We often get sucked into drawn-out conversations (or heated debates) about the ‘true’ meaning of words. Especially when it comes to sports. Was James Harden (a basketball player) in the ‘act of shooting’ when he was fouled? It matters – because if the answer is ‘yes’ he gets up to three free throws. So what does the ‘act of shooting’ mean and who decides it? There will be endless debate over beers about what this means. Perhaps largely dependent on which team you support.
At the end of the day, it usually doesn’t matter. You can debate it as much as you want, but the referees have already decided what happened on the court. It is done. It is over. You can disagree with them. But nothing changes the score.
Words are important.
There is a difference between ‘taxonomy’ and ‘semantics.’ ‘Taxonomy’ is all about naming things and phenomena to make sure there is a common understanding about what those things are. We engineers do this a lot. Or think we do. ‘Semantics’ is a branch of linguistics that focuses on the meaning of words and phrases. If we have got our ‘taxonomy’ down … there should be no room for ‘semantics.’
In practice, this is not the case. One of my favorite bits of nonsense that routinely appears in the world of reliability engineering is …
… a ‘failure free’ period – which is a period in which the probability of failure is some small value.
I have wasted many hours of my life waiting for people to debate over the meaning of words and terms that should not be debatable. What is a ‘fault?’ What is a ‘failure mode?’ Is this different to ‘functional failure mode?’ … or ‘physical failure mode?’ Too often these debates and arguments aren’t about progressing the conversation or solving a problem. A good number of them degrade into petty competitions of egos about who can be ‘right.’
But perhaps my favorite term that spawns many frivolous arguments is ‘root cause.’ If an aircraft turbine failed due to manufacturing-related ladder cracking that initiated fatigue failure later on … what is the ‘root cause?’ Is it ‘ladder cracking?’ NO. Here is why.
The only thing we can change is our BEHAVIORs. And what are ‘behaviors?’ Decisions. Everything we do, say, write, acknowledge or otherwise respond to is a decision we make. We can’t change physical phenomena. We can’t ever stop fatigue cracking from being a failure mechanism.
The only thing we can change is the decisions that create the conditions for failure to occur. In the case of our aircraft turbine? The ladder cracking (at the time) was a well-known issue associated with manufacturing these turbines. Coolant is applied to drill bit tips to reduce the risk of them occurring. But the risk is real.
Which is why (in this case) these turbines are supposed to be subjected to routine Non-destructive Inspection (NDI). Now because the maintenance crew in this (real life) scenario did not identify the fatigue crack, the aircraft was allowed to continue flying until this failure occurred.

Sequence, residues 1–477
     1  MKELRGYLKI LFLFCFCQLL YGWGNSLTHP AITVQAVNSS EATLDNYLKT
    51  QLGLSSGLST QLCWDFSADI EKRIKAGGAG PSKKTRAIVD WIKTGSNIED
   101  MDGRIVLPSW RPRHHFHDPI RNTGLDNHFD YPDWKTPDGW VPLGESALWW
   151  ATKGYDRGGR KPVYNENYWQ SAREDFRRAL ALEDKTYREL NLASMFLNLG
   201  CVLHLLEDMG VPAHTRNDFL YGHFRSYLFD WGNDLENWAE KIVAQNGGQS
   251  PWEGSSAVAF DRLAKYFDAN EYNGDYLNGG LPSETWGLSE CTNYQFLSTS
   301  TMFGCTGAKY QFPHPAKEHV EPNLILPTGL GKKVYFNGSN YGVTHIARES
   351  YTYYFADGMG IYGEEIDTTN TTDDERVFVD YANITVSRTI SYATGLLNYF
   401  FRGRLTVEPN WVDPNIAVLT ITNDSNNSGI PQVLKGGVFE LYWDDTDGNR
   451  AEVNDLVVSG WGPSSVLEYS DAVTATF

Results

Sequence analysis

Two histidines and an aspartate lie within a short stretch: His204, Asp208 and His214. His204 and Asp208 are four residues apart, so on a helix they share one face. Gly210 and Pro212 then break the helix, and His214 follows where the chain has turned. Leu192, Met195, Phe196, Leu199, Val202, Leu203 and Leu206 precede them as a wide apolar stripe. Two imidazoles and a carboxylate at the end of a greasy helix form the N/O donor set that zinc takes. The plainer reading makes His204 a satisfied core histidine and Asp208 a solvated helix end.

So again … what is the root cause? Perhaps you might be thinking ‘poorly executed inspection activity’ or something similar. Still not there yet. We need to investigate further. Was the maintenance crew properly trained? If not, the decision to not properly train them is a (potential) root cause. Was the maintenance crew properly supervised? If not, we have another (potential) root cause.
But here is the most common ‘root cause’ I have come across through my reliability engineering career:
management teams DECIDING to avoid accountability.
Most maintenance crews are trained. A lot of them are well supervised. But a significant fraction of them is over-tasked, under-paid, or time-poor. The management team’s solution is to simply delegate an ever-increasing swag of tasks to the worker bees of the organization to the point that it becomes infeasible.
Have you ever been put in a position where your boss gives you (for example) ten tasks to complete in the next three months, and you only have the time or resources to do half of them? When you raise this issue with your boss and essentially try to force them to choose what your prioritized tasks need to be, do they reflect it back to you with ‘motherhood’ statements that absolve them of any responsibility?
I have. I bet you have too. And that is the root cause of many failures that cost you, your team, and broader society very deeply.
So when it comes to ‘root causes’ of failure, don’t stop until you identify an unambiguous decision (or failure to make a decision) by someone with the authority to control the ‘context.’
Depending on where you stand with semantics … this is often ‘culture.’
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